As everyone has seen with the recent tax breaks passed by President Trump, business has started increasing their output more than projected. Everyone on the progressive side, however, poo poos on the output by listing that jobs are being eliminated. Except, that’s not the actual story. The actual story about all of this is that they’re cherry picking the one bad thing to make the personal items political. If you want to actually be progressive, then look at the whole picture.
Libertarians look at the entire long con of the tax breaks. Yes, the belief is that government should reduce the taxes. And that at best, social services are at bare minimum needed. Non-existent would be better. However, in America, that will probably never happen as we’ll see the American Liberals claw and throw tantrums. And the American Conservative will need that as a bargaining chip against the American Liberals.
Take a look at this article from The Atlantic, discussing a topic that’s currently ongoing. Jeff Bezos is wanting to move Amazon into a second HQ to build jobs. While that may be one of his purposes, that’s not what will entirely happen. Most businesses move into a city looking to be wined and dined by the prospective cities. David and I are witnessing that in our cities, as we live within one of the twenty finalist cities.
The cities pull out all the stops: building zone exceptions, tax breaks, personal tax exemptions, payments per number of employees. Do city managers and mayors like doing this? Not even close. They know they’re prostituting themselves out to cause possible long term damage to their infrastructure. Because what if Amazon leaves the city on a whim? That would leave you in the sports team situation.
St. Louis was dealing with this when they were negotiating with the Rams. The team was asking for a new stadium and more tax breaks. All St. Louis saw was an organization that wasn’t bringing any prominence to their city. They are still dealing with the damaged reputation from Ferguson. And the city coffers are constantly removed from the city every year by the last of the prominent families still invested in the city.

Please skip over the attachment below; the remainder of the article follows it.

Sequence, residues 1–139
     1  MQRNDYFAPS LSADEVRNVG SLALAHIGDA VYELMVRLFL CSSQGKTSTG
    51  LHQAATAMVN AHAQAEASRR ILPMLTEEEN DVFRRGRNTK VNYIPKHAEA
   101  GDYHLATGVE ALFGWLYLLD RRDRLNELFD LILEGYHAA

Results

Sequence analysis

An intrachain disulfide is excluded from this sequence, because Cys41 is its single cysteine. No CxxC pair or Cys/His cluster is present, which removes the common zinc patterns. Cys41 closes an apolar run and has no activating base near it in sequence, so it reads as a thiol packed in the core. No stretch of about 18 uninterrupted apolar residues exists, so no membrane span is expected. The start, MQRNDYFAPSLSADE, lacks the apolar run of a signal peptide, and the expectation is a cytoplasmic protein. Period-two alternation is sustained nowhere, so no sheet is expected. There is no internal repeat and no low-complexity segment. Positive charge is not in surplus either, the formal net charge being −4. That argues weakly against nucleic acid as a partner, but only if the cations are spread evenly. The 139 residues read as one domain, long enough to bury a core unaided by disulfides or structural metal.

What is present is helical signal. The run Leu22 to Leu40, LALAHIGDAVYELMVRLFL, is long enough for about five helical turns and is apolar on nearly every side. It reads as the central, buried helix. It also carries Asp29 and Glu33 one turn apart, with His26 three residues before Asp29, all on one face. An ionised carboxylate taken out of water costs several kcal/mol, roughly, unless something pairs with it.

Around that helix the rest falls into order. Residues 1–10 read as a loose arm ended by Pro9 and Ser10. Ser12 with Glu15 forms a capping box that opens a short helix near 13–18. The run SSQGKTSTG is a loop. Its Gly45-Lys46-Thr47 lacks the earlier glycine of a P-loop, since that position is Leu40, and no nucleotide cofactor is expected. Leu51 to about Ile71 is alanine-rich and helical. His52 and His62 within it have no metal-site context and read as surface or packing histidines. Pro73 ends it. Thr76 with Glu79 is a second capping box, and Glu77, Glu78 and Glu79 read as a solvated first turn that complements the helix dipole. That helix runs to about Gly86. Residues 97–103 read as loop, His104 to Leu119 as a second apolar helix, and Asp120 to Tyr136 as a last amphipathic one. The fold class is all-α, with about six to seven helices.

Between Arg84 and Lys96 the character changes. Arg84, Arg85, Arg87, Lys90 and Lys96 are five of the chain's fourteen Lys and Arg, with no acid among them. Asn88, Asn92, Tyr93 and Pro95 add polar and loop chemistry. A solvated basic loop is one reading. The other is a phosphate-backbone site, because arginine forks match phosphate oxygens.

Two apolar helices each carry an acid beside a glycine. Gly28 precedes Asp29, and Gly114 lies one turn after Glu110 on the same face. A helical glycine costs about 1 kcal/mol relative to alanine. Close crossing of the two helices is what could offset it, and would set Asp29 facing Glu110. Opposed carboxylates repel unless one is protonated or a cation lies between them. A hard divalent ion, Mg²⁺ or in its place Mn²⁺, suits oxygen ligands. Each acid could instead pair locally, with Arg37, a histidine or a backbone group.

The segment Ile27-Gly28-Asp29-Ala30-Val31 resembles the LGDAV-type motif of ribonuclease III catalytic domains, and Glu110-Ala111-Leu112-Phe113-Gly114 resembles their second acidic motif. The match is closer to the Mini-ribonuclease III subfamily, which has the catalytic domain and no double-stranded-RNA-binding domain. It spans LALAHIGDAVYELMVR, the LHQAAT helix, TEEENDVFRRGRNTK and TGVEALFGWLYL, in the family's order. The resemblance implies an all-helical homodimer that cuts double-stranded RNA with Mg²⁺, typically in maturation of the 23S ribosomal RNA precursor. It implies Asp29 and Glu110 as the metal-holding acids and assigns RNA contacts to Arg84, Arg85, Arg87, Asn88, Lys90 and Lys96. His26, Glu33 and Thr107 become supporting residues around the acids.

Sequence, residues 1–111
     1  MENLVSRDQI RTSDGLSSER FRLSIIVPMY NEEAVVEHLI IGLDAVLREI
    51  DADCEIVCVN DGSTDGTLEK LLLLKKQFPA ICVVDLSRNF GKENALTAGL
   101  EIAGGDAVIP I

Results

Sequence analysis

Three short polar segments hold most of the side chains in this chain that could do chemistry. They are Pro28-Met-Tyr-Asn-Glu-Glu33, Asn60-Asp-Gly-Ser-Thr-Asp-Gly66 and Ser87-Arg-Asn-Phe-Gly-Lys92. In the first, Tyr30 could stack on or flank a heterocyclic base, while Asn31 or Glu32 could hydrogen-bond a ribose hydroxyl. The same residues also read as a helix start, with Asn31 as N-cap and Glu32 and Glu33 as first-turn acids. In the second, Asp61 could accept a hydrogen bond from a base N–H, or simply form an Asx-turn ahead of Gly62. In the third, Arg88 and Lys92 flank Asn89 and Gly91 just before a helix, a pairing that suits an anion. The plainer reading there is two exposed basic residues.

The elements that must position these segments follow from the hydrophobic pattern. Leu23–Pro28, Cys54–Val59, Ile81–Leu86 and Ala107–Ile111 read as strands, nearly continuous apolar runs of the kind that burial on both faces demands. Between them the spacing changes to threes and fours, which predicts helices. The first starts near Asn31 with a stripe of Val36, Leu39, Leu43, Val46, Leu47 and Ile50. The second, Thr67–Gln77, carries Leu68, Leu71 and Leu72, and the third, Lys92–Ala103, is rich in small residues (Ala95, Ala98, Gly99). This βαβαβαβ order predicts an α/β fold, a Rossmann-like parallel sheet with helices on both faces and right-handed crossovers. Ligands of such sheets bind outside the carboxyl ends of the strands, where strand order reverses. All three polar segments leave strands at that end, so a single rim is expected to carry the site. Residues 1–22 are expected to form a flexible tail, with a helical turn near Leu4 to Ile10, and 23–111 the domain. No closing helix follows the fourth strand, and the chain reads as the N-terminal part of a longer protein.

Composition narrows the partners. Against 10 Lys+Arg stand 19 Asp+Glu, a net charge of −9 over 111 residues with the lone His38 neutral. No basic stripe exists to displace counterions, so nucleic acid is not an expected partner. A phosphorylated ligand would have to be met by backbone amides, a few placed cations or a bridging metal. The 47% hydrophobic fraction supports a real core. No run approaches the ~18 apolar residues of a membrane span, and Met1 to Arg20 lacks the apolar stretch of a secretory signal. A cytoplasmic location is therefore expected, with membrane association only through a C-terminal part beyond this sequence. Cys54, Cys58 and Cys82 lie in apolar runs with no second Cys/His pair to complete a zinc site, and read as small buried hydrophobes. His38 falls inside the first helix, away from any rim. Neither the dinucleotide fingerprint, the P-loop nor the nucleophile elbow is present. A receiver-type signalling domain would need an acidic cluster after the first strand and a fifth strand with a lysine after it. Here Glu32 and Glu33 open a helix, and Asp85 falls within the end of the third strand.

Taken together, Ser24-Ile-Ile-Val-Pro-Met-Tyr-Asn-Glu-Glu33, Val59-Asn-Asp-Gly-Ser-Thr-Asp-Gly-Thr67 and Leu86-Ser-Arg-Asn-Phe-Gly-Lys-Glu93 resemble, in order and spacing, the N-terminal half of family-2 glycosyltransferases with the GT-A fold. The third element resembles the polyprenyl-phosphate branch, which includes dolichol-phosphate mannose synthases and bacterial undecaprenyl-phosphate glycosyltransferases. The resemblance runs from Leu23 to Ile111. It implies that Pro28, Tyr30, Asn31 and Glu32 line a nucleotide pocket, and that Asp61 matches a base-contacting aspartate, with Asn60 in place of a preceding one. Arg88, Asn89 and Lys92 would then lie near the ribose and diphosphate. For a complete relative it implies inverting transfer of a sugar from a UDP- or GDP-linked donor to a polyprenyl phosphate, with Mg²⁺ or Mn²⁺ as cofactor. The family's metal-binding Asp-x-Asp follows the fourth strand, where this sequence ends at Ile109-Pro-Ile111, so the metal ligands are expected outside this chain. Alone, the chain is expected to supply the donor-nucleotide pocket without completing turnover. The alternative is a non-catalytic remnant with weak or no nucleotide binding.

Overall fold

The Rams elected to take their circus to Los Angeles (again). The city of St. Louis had bargaining chips, however. The Cardinals and the Blues were better sellers in that city. The Rams had an embarrassing record and even worse reputation. The Rams tried to zero in on the fact that the city had spent money on the two teams, until the mayor reminded them that the teams were not a royal embarrassment to the city.
However, not all cities are in that position to deal with a sports team or a major business. A lot of the cities that are being focused on either have a burgeoning economy that could use a push. The other side of the coin, the city is experiencing white flight in massive proportions. Which yes, progressives, I agree with you on that point. White flight does happen, and there’s not much you can do to stop it.
Amazon and their fellow businesses who go into areas promising job numbers in the five and six figures know what they’re doing. They’re gaming the system tremendously to get the cities to play ball with them. The only real issue is that the cities are in a rigged game. If they present the proverbial Brown M&M to Amazon, then the deal gets killed on a miscue. Your city looks foolish, and Bezos moves on laughing all the way to the bank in another city.
That’s the amazing long con of tax breaks.